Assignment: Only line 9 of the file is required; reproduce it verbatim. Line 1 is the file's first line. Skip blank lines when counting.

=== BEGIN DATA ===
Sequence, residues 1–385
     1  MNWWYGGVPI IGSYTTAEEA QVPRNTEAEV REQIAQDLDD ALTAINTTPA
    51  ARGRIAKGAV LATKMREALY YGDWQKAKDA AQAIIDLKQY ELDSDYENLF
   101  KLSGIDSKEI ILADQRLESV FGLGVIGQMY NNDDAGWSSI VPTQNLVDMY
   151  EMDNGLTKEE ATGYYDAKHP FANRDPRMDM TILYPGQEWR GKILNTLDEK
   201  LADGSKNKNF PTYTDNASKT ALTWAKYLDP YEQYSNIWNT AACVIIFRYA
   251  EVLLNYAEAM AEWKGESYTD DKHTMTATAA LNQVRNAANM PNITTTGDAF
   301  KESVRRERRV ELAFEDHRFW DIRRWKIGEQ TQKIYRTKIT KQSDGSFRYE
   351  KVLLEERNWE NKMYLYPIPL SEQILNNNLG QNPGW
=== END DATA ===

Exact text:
   351  KVLLEERNWE NKMYLYPIPL SEQILNNNLG QNPGW